Conservatives, and even members of her own party, have been providing Hillary Clinton with a sliding scale of side-eyes to shit-flings for years, accusing her of being a shrewd and strategic flip-flopper who will do anything to benefit herself. If phrased by anyone other than failed jocks with names like Newt, one could just analyze Clinton as being smart and sympathetic, who changes with the times like any rational person should. The primary issue sexist sleazeballs have repeatedly raised? She had a private e-mail server. Hey paranoid knuckleheads, maybe she just doesn’t trust the cloud either…


“Lock her up!”

The right wing has not been right for at least as long as I’ve been alive, but the Alt-right is not alright in any way, shape, or form. Regardless of whether the members are truly fueled by hate or just fueled by sick senses of humor, they are creating difficult to tame garbage fires. This international community is a cynical, sadistic circle jerk, brainwashing people who would rather not read, which makes an often verbose writer like myself feel mildly safe. But this crass behavior does not only take place on white nationalist message boards, it regularly occurs on social media feeds, as well.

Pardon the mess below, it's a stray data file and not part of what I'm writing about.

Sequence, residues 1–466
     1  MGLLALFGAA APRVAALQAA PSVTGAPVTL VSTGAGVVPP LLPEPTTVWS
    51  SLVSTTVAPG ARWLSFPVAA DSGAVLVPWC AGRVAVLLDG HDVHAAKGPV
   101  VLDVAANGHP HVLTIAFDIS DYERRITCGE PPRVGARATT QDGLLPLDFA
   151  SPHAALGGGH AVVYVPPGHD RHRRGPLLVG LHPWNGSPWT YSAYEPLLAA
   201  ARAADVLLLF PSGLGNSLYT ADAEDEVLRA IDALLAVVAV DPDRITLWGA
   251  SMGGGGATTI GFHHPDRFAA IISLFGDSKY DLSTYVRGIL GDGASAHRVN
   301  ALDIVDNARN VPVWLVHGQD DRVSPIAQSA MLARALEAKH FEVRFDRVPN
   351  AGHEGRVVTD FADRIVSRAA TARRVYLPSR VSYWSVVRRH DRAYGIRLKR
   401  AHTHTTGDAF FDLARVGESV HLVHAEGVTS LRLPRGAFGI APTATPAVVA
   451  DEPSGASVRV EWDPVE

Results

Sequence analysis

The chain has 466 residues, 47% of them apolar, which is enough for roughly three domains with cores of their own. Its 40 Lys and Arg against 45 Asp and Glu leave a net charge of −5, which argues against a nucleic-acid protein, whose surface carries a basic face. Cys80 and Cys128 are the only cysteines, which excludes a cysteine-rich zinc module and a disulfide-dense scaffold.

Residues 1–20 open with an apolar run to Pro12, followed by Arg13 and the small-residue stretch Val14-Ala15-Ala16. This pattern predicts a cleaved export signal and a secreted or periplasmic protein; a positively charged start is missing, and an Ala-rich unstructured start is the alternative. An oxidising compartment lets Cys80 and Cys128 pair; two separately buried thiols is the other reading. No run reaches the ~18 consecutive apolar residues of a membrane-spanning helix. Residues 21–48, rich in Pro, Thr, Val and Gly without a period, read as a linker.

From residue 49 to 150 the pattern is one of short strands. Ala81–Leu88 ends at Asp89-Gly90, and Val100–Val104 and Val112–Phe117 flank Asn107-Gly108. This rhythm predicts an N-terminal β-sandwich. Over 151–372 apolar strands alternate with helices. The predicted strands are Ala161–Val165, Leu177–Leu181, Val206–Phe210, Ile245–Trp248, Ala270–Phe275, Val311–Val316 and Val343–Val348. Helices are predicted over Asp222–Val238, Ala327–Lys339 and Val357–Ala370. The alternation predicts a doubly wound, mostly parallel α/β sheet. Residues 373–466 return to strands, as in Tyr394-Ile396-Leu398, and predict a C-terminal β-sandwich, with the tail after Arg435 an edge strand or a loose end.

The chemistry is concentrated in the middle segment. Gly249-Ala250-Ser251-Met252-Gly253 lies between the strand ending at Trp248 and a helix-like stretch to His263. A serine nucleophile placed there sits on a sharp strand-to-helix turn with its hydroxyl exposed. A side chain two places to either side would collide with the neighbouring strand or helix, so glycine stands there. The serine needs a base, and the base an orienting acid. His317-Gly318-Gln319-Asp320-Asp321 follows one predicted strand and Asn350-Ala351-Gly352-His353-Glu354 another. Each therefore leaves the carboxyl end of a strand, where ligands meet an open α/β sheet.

American-born, Berlin-based artist, Daniel Keller, had spent a fair amount of the season populating the essentially irrelevant network, Ello, with Nazi-themed Pepe the Frog memes until website administrators gave him the boot. The bullshit meme was previously picked up and propagated by the bullshit Alt-right movement, and Keller, being the trolling prankster he is, apparently believed it would be an entertaining e-romp of memetic mimicry. Since the website is inconsequential, one could argue, so were his ironic posts.